Lobby group tells USTR it has got assurance from India on compulsory licensing.
While the Budget is supposed to be aiming for mass availability of low-priced indigenous drugs, indications from US pharmaceutical lobbies suggest another scenario.
It appears American industry associations have got feelers that India might not grant compulsory licensing for commercial purposes. The term is used for a government allowing someone else to produce a patented product or process, without consent of the patent owner.
There are various grounds on which such licences can be given - when a drug is not widely available, extremely expensive, etc. Many Indian companies have filed applications for such licences with the government, with the stated aim of making available affordable medicine.
"While the Government of India has privately reassured (American) industry that it would not use compulsory licences for commercial purposes, a public commitment to forgo using (this) would enhance legal certainty for innovative industries," goes a submission by the US Chamber of Commerce to the office of the US Trade Representative (USTR).
USTR is the American government agency responsible for developing and recommending the country's trade policy.
"Despite compulsory licensing denials, (American) industry continues to be concerned by the potential threat of compulsory licensing. The Government of India has privately reassured us it would not use (this) for commercial purposes," goes a February 5 submission of the US-India Business Council to the USTR.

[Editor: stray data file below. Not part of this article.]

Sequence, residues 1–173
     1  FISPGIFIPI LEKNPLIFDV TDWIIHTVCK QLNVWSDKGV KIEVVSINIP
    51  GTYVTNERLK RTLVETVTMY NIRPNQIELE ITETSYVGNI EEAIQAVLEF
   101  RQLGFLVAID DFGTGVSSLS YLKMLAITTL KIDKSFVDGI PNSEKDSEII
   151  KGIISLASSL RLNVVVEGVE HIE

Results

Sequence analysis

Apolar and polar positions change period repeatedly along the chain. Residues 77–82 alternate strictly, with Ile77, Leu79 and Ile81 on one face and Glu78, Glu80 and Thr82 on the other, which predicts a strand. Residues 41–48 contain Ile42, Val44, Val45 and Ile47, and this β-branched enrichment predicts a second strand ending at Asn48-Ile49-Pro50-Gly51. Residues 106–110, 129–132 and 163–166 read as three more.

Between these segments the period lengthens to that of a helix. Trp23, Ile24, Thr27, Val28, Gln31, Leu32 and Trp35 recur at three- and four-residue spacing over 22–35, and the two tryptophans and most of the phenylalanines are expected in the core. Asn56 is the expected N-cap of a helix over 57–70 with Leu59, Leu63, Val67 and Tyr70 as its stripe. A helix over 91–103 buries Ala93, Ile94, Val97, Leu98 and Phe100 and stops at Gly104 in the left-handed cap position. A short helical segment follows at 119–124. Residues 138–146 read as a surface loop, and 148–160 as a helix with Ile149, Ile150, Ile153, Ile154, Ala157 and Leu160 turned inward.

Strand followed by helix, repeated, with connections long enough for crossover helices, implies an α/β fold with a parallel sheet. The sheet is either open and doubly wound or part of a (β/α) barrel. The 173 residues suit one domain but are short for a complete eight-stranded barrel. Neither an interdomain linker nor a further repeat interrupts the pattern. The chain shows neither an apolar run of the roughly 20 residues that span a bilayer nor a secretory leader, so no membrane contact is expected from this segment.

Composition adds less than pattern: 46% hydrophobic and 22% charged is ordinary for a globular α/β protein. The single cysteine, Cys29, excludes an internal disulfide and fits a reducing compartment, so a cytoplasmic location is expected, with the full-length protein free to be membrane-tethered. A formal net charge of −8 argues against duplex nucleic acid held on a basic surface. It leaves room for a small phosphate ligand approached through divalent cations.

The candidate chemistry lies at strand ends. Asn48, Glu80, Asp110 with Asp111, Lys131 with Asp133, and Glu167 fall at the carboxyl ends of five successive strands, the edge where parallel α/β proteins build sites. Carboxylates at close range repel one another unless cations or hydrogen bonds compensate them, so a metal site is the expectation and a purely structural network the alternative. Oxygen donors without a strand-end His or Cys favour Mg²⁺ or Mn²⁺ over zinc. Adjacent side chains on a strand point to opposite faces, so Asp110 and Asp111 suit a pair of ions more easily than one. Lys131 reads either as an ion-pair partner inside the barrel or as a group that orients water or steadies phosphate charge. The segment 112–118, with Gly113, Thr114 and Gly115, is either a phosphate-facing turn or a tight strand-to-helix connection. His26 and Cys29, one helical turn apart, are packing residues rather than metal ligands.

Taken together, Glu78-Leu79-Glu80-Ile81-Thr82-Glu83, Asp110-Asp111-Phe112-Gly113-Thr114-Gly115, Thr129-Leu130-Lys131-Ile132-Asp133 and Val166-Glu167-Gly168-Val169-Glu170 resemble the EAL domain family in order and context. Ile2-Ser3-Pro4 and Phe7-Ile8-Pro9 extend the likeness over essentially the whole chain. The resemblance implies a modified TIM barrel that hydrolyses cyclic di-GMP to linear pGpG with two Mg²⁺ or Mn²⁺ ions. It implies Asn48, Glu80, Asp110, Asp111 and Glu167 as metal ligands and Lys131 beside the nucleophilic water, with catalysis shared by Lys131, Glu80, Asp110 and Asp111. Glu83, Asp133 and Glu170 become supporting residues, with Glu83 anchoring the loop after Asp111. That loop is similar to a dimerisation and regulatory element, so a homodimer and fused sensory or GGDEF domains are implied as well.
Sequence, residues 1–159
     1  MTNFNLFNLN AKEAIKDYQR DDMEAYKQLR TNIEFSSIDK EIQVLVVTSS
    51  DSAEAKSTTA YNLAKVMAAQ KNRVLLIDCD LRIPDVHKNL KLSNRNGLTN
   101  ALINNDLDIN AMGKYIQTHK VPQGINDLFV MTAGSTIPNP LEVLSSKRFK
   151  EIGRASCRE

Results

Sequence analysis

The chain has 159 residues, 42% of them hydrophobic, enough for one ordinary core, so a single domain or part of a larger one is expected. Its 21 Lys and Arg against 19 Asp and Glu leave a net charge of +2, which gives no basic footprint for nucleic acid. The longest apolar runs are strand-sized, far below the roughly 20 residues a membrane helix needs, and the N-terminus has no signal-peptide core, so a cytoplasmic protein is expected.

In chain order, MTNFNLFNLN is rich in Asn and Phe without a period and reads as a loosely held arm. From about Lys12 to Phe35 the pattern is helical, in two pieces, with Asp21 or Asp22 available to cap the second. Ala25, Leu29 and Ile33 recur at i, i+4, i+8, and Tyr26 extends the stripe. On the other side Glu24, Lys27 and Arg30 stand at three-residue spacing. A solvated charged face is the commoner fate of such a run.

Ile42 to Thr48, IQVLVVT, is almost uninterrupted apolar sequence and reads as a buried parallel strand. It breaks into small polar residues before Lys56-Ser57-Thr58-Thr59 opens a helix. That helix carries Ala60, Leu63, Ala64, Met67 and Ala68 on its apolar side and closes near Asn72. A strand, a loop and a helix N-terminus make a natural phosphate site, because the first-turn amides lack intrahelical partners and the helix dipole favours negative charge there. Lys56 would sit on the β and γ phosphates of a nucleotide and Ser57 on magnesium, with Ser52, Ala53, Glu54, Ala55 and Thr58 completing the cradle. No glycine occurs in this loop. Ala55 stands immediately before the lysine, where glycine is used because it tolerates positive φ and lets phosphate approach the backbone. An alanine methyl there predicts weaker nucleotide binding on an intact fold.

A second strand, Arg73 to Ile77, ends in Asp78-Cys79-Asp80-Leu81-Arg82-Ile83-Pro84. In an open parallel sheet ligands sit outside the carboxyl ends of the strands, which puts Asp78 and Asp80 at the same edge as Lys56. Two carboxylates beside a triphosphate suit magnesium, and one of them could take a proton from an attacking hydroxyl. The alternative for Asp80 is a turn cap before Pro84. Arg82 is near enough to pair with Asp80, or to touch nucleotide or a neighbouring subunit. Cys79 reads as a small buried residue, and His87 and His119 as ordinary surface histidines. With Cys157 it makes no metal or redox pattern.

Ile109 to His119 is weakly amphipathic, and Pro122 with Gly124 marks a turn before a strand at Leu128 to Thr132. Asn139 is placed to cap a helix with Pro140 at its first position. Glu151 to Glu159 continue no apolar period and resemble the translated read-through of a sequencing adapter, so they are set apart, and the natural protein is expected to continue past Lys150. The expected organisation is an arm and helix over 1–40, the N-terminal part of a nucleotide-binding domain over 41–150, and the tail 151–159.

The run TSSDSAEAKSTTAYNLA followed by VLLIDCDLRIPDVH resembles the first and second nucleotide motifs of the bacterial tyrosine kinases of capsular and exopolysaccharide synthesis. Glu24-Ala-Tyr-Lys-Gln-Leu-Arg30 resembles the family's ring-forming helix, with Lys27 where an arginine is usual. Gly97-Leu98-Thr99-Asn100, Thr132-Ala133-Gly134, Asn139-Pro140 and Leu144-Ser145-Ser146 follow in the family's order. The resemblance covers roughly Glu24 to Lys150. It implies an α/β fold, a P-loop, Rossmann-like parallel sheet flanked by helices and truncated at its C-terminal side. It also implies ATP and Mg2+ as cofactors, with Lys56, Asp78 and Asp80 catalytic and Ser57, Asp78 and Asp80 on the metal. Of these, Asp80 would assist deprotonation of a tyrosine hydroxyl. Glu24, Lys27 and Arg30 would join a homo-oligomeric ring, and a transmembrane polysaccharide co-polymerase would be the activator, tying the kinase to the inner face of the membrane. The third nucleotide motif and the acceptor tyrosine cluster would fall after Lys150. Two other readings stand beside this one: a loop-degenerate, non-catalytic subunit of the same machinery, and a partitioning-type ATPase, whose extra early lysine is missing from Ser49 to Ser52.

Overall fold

According to Leena Menghaney, a lawyer who works on the affordable medicine campaign of Medicins Sans Frontieres, the international humanitarian agency, the government can't give even an oral commitment on not giving compulsory licences. "That would be unconstitutional and illegal," she said.
The Indian government did not issue any compulsory licence for biopharmaceuticals in 2015.
However, it is examining various applications under sections 84 and 92 of the Indian Patents Act.
For example, a final decision in two compulsory applications under section 92 for Bristol-Myers-Squibb's anti-cancer drug, Dasatinib, and Novartis's respiratory drug, Onbrezis, is awaited.
"The Modi government should restore the confidence of innovative pharmaceutical industry by formally closing these matters and send a clear and unmistakable signal that intellectual property rights will not be disturbed unless there is a cause," added the US Chamber of Commerce in its submission to USTR.
The chamber also urged the government to formally dissolve the inter-ministerial panel appointed under the earlier government to select medicines for compulsory licences.
"Whether it is commercial or non-commercial, as per the law, Indian government has to give compulsory licences under various specific circumstances e.g. when the drug is unaffordable or unavailable, its patent holder has been found abusing its dominant position or indulging in anti-competitive behaviour by Competition Commission of India etc," said Menghaney.